Swiss luxury brand Richemont saw first-half earnings fall by almost 24%. The sharp decline is synonymous with one in the Chinese market after a lower Asian demand for luxury goods.
The world‘s largest jewellery maker said on Friday that profit for the six months to the end of September tumbled to â‚¬908mn from â‚¬1.19bn on the year earlier, missing analysts‘ expectations of profit of around â‚¬1.09bn.
Richemont, who owns Cartier, Piaget and IWC brands, said sales increased 2% to â‚¬5.43 bn, although they fell 2% as trade weakened in two main markets China and Hong Kong.
Exchange rates were also not in favour of the brand with â‚¬239mn lost on contracts used to reduce the risk of currency fluctuations. Richemont hedges most of its non-euro denominated sales.
“The results confirm a difficult demand environment for luxury goods and a likely low key end to a soft 2014 for the industry” said Luca Solca, an analyst at Exane BNP Paribas .
“Sales in Asia Pacific and China within it seem to be on the back foot” he added.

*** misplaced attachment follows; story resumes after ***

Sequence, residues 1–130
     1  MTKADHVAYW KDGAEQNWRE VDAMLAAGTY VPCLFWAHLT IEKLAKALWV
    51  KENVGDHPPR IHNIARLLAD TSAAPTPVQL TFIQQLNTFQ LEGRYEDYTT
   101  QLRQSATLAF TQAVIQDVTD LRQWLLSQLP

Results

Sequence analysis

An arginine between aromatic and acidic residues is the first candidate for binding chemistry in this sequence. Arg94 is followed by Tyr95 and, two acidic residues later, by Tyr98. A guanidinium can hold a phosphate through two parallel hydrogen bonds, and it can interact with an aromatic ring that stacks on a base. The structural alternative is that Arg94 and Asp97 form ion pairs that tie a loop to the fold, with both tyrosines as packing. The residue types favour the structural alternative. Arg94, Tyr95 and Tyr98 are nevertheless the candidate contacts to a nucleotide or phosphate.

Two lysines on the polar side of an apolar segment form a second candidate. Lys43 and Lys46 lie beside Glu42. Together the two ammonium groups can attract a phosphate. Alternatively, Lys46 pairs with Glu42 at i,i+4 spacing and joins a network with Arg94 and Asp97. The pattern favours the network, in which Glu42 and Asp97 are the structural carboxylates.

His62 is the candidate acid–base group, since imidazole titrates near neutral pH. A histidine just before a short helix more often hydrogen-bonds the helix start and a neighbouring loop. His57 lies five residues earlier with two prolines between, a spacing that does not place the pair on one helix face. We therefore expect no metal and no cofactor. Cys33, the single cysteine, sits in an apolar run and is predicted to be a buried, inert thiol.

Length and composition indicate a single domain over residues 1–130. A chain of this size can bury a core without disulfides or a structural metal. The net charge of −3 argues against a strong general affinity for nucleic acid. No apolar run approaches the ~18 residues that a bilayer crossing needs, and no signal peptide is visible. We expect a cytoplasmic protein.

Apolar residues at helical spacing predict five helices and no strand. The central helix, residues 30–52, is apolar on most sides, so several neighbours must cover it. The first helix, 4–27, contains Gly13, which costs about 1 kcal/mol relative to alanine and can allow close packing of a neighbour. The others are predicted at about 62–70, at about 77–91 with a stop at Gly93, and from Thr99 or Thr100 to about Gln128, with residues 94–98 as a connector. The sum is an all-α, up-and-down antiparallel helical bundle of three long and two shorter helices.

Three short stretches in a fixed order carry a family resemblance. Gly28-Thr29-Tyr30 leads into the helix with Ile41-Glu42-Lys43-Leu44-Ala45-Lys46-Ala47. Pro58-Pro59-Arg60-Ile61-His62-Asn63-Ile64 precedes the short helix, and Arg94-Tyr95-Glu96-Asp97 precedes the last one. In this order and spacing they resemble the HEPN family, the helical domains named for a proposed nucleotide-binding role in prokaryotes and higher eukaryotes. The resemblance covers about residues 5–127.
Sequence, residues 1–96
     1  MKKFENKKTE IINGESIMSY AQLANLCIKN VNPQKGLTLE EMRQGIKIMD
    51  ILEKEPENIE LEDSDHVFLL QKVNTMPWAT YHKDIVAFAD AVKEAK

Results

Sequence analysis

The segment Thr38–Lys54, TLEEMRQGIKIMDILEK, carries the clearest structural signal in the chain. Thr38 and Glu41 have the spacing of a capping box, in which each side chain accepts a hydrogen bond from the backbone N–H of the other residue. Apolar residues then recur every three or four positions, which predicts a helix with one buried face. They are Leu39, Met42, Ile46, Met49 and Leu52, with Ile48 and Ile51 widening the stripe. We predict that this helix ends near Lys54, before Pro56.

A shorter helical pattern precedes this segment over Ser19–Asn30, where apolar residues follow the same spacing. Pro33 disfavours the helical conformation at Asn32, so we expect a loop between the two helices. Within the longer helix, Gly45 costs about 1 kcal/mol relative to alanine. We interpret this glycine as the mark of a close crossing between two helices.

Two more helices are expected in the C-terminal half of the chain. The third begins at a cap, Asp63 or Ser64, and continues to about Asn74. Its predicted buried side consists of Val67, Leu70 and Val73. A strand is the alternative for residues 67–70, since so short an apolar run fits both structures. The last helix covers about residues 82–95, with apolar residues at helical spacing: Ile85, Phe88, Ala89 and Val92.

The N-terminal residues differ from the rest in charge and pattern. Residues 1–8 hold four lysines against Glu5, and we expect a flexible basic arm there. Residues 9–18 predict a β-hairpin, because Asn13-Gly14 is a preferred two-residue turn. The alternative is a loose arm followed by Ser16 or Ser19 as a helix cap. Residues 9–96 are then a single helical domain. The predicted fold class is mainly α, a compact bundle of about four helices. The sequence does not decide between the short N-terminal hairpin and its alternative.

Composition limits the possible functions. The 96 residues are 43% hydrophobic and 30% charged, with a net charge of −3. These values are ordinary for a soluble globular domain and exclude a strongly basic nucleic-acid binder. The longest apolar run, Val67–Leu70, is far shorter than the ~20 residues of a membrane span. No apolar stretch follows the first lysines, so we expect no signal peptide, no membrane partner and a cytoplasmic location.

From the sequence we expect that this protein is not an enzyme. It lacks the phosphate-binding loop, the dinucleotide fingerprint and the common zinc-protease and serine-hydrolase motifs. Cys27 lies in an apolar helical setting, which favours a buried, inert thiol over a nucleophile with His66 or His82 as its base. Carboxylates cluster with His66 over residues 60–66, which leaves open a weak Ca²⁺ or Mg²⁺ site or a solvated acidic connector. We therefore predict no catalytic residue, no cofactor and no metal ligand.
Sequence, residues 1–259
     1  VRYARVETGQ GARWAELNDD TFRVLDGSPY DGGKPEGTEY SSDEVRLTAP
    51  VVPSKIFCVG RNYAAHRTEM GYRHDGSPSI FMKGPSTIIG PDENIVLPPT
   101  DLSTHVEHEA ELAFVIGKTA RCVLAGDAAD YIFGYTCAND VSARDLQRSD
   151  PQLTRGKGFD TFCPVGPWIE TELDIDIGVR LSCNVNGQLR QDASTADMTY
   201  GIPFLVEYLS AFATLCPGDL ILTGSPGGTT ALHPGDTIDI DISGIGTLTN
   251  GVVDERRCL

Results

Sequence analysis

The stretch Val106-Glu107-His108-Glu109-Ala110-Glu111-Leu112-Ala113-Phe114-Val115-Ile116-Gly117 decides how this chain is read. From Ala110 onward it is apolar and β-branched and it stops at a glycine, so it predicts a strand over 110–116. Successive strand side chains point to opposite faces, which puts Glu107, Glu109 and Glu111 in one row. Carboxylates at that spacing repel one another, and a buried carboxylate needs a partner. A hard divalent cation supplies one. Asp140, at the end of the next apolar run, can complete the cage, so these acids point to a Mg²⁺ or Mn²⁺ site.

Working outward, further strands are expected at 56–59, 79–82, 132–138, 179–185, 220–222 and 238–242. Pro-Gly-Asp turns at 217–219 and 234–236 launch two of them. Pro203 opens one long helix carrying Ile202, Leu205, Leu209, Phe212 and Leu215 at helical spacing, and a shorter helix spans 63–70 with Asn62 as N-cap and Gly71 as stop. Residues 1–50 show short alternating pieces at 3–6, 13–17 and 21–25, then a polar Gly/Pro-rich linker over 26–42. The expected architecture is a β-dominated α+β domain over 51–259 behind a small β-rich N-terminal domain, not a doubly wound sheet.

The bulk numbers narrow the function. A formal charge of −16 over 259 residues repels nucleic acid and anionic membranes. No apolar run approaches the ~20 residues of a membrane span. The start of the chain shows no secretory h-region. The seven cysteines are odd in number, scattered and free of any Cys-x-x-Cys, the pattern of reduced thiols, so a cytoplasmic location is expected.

In a similar fashion to other luxury brands, Richemont has struggled after an an anticorruption drive in China has impacted on sales of liquor, watches and other luxury products generally offered as gifts. Pro-democracy protests in Hong Kong, the world‘s largest market for Swiss watches, have also affected revenue, nearly 40% of which Richemont typically derives from the Asia Pacific region.
Sales in October, the first month of the second half year of its fiscal, rose 4% although they were lower in the Asia Pacific and Japan. The slowdown in Asia has prompted the brand to reduce working times for 230 staff at one of its Swiss watch factories.
In those first six months, sale growth in Europe fell by 2% from 8% in the same period last year, attributed by Richemont to fewer tourists and careful buying from retailers.
Sales in America are performing better, having risen 10% thanks to a higher spending from domestic consumers for watches and jewellery.
Last month, Richemont won a UK court ruling that ordered internet providers to block websites selling counterfeit goods, said by a judge to be the first case of its kind in Europe.